Contrails
The goal of the Contrails project is to help preserve and disseminate the technical record of 20th century aerospace research, highlighting in particular the research endeavors of the Illinois Tech community.

A Study of the Influence of Lubricants on High-Speed Rolling-Contact Bearing Performance

Report Number: ASD TR 61-643
Author(s): Lewis B. Sibley, J. Clarence Bell, Jerrold W. Kannel, C. Malcolm Allen
Corporate Author: Battelle Memorial Institute
Laboratory: Directorate of Materials and Processes
Date of Publication: 1962-08
Pages: 59
Contract: AF 33(616)-7257
Project: 3044
Task: 30169
AD Number: AD0269512

Abstract:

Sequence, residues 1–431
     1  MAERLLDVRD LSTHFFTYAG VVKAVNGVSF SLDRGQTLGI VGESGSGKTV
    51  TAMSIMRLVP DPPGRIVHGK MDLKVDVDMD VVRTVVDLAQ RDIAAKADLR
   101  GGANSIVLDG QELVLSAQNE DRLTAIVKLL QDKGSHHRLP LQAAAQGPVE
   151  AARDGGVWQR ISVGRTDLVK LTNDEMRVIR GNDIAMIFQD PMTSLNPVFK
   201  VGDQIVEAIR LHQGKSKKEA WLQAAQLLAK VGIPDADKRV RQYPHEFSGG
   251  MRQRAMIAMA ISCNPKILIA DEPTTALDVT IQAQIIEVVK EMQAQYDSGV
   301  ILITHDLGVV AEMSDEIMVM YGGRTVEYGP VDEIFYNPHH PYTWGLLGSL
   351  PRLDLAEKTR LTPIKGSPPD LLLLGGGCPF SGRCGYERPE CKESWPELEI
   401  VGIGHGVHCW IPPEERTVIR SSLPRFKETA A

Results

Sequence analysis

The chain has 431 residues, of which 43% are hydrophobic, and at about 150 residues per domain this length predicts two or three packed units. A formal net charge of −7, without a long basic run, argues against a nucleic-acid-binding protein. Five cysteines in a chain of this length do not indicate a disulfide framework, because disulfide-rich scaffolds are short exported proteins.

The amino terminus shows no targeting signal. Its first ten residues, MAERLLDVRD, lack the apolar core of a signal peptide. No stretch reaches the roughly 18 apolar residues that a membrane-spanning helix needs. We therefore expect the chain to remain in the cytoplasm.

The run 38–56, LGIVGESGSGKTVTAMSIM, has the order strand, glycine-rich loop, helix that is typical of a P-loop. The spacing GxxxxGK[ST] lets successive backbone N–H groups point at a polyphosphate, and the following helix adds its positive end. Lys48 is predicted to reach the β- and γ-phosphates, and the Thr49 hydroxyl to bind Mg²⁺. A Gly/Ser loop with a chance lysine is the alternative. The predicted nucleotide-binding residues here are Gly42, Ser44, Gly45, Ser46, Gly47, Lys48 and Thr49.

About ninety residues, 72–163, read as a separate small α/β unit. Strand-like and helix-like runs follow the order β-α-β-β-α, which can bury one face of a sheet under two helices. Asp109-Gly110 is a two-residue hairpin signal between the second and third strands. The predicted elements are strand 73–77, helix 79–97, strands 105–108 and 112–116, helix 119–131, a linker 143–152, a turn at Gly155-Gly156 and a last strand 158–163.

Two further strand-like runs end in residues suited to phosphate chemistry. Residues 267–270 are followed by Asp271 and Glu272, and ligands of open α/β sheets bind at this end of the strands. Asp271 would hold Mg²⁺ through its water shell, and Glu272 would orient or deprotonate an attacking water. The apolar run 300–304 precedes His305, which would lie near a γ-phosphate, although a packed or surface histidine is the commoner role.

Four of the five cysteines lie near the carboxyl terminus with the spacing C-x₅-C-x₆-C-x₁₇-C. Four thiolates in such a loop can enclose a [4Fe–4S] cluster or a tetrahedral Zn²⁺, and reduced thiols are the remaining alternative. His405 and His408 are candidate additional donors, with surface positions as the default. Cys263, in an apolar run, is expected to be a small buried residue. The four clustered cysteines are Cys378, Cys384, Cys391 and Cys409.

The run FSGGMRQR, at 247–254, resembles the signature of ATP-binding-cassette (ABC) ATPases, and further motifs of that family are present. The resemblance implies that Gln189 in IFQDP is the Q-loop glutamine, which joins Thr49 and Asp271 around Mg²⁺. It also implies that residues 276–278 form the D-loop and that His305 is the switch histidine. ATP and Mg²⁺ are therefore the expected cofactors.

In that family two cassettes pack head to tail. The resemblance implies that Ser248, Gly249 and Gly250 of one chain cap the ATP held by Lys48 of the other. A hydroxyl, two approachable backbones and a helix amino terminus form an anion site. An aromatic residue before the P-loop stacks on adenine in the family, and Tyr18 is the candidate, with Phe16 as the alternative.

Lubrication processes at rolling contacts are studied with a rolling-disk machine and X-ray system capable of measuring dynamic oil-film thickness and deformation at rolling contacts. Data are presented for a refined engine oil, a white mineral oil, and a polyphenyl ether over extended ranges of operating conditions. The measured minimum film thickness at rolling contacts transverse to the rolling direction with these lubricants, having bulk viscosities ranging from 6 to over 500 cp, varied from 3 to 100 microinches. For low-viscosity lubricants under moderate conditions of load, speed, and temperature, measured film thickness correlated well with elasto-hydrodynamic lubrication theory including elastic deformation of contact surfaces. Measured film thickness decreased significantly below theoretical under increasing load, speed, viscosity, and ambient temperature, by as much as a factor of 40. Elastic deformation tests at rolling contacts indicated that contact stresses were less severe for conditions of low load and high speed and with high-viscosity lubricants. A new theory of rolling contact lubrication was developed.

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